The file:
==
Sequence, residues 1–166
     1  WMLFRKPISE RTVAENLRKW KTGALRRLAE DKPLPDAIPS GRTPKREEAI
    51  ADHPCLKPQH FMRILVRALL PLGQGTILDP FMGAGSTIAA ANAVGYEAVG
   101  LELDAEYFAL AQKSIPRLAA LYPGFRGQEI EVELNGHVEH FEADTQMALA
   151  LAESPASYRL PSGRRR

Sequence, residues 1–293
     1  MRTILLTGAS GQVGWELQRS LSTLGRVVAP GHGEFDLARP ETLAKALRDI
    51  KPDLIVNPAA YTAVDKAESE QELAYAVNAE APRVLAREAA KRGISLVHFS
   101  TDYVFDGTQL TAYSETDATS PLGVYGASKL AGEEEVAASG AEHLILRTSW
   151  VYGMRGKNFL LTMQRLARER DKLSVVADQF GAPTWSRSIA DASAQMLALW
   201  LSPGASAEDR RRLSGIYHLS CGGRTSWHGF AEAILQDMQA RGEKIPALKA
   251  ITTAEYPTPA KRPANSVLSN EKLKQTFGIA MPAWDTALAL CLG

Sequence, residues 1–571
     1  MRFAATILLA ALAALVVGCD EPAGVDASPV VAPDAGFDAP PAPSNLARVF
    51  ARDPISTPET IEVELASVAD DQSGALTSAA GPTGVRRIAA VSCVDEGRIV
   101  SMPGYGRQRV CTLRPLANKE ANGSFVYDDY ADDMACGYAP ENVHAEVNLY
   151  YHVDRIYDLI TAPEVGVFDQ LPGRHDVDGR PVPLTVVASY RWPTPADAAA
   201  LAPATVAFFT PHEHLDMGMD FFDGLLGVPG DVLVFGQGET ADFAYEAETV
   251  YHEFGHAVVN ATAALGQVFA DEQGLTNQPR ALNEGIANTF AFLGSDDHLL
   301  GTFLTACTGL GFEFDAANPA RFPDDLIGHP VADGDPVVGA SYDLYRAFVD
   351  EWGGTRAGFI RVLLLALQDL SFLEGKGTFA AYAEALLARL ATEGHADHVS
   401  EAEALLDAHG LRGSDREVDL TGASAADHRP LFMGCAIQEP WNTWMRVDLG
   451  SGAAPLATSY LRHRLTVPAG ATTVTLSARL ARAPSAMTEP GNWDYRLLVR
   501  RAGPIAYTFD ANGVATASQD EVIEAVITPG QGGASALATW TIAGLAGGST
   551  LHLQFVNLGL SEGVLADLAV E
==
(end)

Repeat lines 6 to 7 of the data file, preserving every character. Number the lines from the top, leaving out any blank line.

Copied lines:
Sequence, residues 1–293
     1  MRTILLTGAS GQVGWELQRS LSTLGRVVAP GHGEFDLARP ETLAKALRDI